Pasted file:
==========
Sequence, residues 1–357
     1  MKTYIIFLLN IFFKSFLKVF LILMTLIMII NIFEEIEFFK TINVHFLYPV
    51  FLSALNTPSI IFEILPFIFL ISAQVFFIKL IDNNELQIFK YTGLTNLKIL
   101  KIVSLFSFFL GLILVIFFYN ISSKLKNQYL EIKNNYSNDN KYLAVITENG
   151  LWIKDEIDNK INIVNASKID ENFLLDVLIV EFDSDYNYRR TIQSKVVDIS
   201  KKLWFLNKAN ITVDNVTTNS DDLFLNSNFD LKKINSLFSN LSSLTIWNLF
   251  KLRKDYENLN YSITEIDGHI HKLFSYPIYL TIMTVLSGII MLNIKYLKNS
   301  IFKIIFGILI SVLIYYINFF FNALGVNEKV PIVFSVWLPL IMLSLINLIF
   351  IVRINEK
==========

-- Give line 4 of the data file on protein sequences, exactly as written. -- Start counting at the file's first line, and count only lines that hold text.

   101  KIVSLFSFFL GLILVIFFYN ISSKLKNQYL EIKNNYSNDN KYLAVITENG